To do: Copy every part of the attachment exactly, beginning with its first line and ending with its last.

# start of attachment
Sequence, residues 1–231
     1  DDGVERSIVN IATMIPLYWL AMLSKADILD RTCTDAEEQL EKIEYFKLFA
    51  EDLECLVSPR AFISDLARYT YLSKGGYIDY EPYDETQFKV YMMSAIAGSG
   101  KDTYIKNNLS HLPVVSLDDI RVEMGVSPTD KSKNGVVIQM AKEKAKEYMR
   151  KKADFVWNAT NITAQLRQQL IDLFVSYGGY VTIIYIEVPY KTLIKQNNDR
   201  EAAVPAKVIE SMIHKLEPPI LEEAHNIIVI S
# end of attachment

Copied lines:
Sequence, residues 1–231
     1  DDGVERSIVN IATMIPLYWL AMLSKADILD RTCTDAEEQL EKIEYFKLFA
    51  EDLECLVSPR AFISDLARYT YLSKGGYIDY EPYDETQFKV YMMSAIAGSG
   101  KDTYIKNNLS HLPVVSLDDI RVEMGVSPTD KSKNGVVIQM AKEKAKEYMR
   151  KKADFVWNAT NITAQLRQQL IDLFVSYGGY VTIIYIEVPY KTLIKQNNDR
   201  EAAVPAKVIE SMIHKLEPPI LEEAHNIIVI S